Title

Teaching Infant-Care Skills to First-Time Fathers: A Comparison of Two Training Methods

Date of Award

4-1991

Degree Name

Master of Arts

Department

Psychology

First Advisor

R. Wayne Fuqua, Ph.D.

Access Setting

Masters Thesis-Abstract Only

Restricted to Campus until

4-2038

Abstract

The purpose of this study was to assess the relative effectiveness of two training methods, a training videotape and a training manual, in teaching infant-care skills such as holding, diapering, feeding, burping, and temperature-taking to first-time fathers. Factors evaluated include: the effectiveness of the two methods in teaching the particular skills and relevant facts concerning infant care, as well as consumer satisfaction and preferences for one training method or the other. Information gathered from this study may contribute to the development of more effective training methods, possibly for use with parents at risk of abuse, neglect, or inadequate care of children, such as teenage mothers, single parents, mentally retarded parents, alcoholic, or mentally ill parents.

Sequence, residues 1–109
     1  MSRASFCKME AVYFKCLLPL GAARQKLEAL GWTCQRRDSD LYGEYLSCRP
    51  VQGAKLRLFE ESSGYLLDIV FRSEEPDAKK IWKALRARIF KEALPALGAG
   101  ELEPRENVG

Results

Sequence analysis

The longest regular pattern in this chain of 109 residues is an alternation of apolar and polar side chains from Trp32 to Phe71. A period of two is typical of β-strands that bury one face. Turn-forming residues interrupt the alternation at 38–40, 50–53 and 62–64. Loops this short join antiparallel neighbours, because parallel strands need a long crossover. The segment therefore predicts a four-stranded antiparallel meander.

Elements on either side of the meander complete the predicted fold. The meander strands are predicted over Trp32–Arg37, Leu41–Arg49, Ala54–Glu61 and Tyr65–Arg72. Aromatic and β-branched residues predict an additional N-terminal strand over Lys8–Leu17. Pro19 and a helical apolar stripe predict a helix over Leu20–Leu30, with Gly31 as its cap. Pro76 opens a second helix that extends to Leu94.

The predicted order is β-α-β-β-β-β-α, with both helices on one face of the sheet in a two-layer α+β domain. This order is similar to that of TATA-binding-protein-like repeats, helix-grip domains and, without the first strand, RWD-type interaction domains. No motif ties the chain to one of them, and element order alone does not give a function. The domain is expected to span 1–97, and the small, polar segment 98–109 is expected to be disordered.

The effectiveness of the videotaped training and the training manual formats in teaching infant care skills to first-time fathers was demonstrated. Both were used to teach mostly upper-middle class fathers to provide care to their newborns. The training video was slightly more effective in teaching fathers to perform the infant-care skills and the written training manual was somewhat more effective in teaching factual information relevant to the infant-care skills. Considering the cost-effectiveness and range of individuals who can be adequately trained with a videotape training program, its use may be merited for use and evaluation with a broader range of individuals.

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